Literature of the Global Working Class: Guest Editor's Introduction

By Mish, Jeanetta Calhoun | World Literature Today, November/December 2013 | Go to article overview

Literature of the Global Working Class: Guest Editor's Introduction


Mish, Jeanetta Calhoun, World Literature Today


When I began my PhD studies and told my advisor I would write my dissertation on contemporary American working-class women's poetry, her response was, "Is there such a thing?" I do not tell this story to criticize my advisor-I heard the same question from almost everyone I discussed it with: writers, professors, readers. However, I knew that my own poetry was firmly grounded in the working class-before I started college as a thirty-sevenyear- old single mother (and the first woman in my direct line to complete high school), I had held many common women's working-class jobs of the period: waitress, bartender, nurse's aide, telephone solicitor. I wrote poems in my head while changing beds at nursing homes and mixing drinks, then sketched them down later when I had time. My mother, too, working class all her life, wrote poems; after she died, I found boxes of her poetry in a closet. And I knew I had read published poetry and fiction and creative nonfiction that spoke to me as a working-class person, of the structures of feeling found among the working classes, of work itself, of working-class humor, and, often, of the despair and danger that attends working-class life. The point is, working-class writing is out there, everywhere-the difficulty is that it's not often recognized.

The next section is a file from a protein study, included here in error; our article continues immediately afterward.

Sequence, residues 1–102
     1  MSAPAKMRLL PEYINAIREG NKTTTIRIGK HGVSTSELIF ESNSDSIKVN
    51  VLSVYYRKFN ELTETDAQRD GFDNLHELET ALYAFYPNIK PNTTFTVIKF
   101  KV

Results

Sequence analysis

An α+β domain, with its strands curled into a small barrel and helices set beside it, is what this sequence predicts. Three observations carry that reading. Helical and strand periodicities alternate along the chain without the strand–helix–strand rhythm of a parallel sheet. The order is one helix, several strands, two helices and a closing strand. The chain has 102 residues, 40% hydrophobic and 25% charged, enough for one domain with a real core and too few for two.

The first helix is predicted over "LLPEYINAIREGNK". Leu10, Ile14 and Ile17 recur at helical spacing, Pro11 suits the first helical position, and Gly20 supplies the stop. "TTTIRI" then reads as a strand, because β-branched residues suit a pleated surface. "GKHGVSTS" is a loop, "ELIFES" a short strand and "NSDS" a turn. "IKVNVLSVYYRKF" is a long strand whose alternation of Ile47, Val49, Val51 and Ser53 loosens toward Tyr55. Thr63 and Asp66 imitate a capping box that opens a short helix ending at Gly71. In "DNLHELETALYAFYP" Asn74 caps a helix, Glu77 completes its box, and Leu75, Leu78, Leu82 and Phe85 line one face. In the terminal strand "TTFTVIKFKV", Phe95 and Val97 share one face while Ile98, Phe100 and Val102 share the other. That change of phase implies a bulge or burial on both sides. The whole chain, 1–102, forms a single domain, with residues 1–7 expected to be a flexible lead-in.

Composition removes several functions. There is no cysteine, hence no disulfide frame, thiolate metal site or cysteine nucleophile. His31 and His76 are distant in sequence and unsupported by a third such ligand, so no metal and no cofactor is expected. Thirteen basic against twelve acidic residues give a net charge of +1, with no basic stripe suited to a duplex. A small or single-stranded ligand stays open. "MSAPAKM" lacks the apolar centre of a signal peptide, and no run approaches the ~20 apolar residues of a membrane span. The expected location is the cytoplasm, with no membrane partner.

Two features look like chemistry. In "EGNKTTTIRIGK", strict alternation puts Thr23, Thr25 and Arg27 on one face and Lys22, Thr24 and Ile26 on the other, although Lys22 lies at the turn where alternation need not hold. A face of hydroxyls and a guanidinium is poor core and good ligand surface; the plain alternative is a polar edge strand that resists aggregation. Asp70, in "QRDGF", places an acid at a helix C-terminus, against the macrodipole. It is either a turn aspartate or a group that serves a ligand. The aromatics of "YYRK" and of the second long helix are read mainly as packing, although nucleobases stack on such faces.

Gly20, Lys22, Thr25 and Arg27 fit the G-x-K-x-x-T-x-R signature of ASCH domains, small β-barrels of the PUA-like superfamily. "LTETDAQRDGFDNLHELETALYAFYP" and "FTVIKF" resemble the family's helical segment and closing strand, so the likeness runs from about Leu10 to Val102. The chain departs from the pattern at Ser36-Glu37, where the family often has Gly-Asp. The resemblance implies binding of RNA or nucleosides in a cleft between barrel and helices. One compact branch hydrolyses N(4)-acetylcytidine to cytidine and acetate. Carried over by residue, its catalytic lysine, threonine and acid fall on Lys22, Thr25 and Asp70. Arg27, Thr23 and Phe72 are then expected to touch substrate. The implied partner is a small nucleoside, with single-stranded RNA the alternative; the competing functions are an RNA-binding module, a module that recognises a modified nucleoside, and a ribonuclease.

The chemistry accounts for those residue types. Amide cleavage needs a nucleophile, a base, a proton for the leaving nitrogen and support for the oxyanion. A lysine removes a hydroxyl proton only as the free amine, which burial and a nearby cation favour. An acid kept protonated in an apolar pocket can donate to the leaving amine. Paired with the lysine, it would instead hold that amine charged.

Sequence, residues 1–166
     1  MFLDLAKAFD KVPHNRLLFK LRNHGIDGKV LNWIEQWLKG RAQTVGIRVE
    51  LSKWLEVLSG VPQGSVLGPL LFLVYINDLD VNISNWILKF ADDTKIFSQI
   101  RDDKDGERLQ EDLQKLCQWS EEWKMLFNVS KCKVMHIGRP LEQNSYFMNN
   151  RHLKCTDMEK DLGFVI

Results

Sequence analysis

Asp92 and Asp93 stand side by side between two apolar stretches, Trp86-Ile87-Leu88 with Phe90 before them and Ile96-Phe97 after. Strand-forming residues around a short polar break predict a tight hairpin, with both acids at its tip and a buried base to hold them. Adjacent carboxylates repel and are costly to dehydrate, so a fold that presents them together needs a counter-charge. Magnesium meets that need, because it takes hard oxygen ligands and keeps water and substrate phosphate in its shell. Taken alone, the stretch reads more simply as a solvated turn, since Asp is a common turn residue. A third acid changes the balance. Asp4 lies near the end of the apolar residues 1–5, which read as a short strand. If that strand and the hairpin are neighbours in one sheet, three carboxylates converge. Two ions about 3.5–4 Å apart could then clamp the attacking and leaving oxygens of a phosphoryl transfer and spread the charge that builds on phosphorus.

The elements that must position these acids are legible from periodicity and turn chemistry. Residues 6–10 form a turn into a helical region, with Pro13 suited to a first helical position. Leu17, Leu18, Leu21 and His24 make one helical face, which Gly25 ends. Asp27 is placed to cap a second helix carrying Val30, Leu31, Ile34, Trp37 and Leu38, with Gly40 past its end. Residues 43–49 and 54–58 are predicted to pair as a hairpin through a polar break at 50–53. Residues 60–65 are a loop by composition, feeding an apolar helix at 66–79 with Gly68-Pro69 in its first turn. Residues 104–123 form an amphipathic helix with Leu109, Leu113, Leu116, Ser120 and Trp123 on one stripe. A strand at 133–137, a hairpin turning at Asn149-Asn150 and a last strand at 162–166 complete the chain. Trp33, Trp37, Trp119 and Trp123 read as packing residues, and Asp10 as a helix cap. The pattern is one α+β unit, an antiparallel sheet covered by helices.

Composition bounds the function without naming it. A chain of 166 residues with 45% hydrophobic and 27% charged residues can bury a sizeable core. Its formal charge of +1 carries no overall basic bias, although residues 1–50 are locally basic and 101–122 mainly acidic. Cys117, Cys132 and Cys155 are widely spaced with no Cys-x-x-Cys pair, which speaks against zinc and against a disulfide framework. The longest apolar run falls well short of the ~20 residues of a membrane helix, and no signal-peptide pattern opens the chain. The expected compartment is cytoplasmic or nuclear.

I hope that this working-class writing issue of World Literature Today serves you, our readers, as an introduction to the enormous range of contemporary, worldwide, working-class writing. From Ireland, Michael Pierse brings us the writings of Paula Meehan, Martin Lynch, and Dermot Bolger, arguing that they are successors to the rich tradition of Irish working-class writing. Australian Sarah Attfield shares her own poetry, poetry by an indigenous Australian, and a working-class rap. Karen Kovacik interviews Ewa Parma, from Poland; we also include poems by Parma. Wendell Ricketts has translated two excerpts from contemporary Italian working-class novels; one, Michela Murgia's "The World Must Be Told" is included in the print edition, and the other, Peppe Fiore's "Anyone Can Be Replaced" can be found in our web exclusives. …

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